Developing a Campus-Wide Mobile Presence
Students today don’t respond to the traditional methods of communication from their college or university like they once did. While websites and email are appropriate for housing and delivering certain types of information, institutions need to develop a campus-wide mobile presence in order to reach students effectively and in the format they prefer.
In this web seminar, an expert in higher ed mobile strategy and the associate director of the Dean of Students Office at the University of Florida discussed strategies for developing a campus mobile app to improve communication and foster deeper community engagement.
Associate Director, Dean of Students Office
University of Florida
Joey Ziminski: I have a team that consists of former student affairs professionals, as well as other tech professionals, who have come to be passionate about affecting the student lifecycle and who are intrinsically motivated to be in that space. When someone is talking to us about developing a mobile app, or a mobile presence or strategy on campus, it seems to start with understanding the lifecycle.
The word “engagement” is important. It’s not just checking a box, “Yes, we have an app, we’re good.” It’s about how you are using that technology to hit your audience and make sure that you’re engaging students when they’re moving forward through their student lifecycle.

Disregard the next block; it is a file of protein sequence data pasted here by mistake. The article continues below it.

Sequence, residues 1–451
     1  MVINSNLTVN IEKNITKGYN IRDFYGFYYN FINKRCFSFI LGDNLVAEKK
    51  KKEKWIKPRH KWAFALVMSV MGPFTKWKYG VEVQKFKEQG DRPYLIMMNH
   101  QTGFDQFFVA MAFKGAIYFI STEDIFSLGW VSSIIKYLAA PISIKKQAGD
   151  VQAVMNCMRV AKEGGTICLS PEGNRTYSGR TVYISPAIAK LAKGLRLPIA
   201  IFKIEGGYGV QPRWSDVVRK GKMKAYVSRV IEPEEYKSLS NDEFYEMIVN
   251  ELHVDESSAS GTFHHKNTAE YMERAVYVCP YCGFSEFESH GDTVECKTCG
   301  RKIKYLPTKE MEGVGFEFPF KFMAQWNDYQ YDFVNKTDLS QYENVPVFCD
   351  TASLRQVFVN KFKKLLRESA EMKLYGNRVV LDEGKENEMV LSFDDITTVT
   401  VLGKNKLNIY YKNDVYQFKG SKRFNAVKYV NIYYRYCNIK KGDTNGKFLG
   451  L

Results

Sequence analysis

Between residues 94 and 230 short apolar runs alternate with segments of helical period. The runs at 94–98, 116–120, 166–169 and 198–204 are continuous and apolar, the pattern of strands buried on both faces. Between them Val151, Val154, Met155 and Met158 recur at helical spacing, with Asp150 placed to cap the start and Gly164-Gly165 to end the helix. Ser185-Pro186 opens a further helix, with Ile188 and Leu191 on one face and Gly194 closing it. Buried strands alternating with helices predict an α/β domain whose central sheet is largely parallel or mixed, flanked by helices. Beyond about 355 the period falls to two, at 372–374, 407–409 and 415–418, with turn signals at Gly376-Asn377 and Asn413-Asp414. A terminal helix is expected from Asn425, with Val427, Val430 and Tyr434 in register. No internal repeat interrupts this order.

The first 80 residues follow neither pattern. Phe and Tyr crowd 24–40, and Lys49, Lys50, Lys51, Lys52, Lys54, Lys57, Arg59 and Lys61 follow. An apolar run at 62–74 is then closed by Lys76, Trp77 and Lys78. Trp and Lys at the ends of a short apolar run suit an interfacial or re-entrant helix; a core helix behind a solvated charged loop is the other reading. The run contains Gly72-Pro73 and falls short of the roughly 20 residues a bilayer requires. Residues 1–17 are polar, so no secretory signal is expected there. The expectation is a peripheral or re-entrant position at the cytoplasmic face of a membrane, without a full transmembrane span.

Mickey Howard: The idea of reach can take a lot of different forms. For us it started with where we could first set a foundation, and that was at orientation. Then we started using analytical data from our satisfaction surveys, and then we started looking at when students were searching for particular information. It wasn’t when they got to campus in the summer, it wasn’t when they got there in the fall—it was when they were making a decision. So, how can we have a role in that? We mixed the student satisfaction piece with some back-end website analytics to better understand the uses of not only our own departmental website, but also the university, to start influencing the bigger picture.
Then we started looking at families, who are becoming much more a part of our students’ development. They’d already been a great gatekeeper and a great sounding board for years, so we wanted to find a positive way for them to continue that. Is that giving them similar information to what we’re providing students? Absolutely. Can we do that in a way that still empowers the student, but also gives peace of mind to the family? Absolutely. For us, that came through mobile technology.
Joey Ziminski: We always hear that the first six weeks are so important. How do you use mobile to work with the first six weeks to retain students and keep them engaged?
Mickey Howard: We like to think that the retention idea, the success idea, actually happens earlier than that. It starts from the moment that students submit that application. That’s when you can start laying the foundation for their success. We’re beginning to get much more targeted. We know the top three reasons why students aren’t retained at the University of Florida, so now we can start actually targeting them from the moment that we’re recruiting.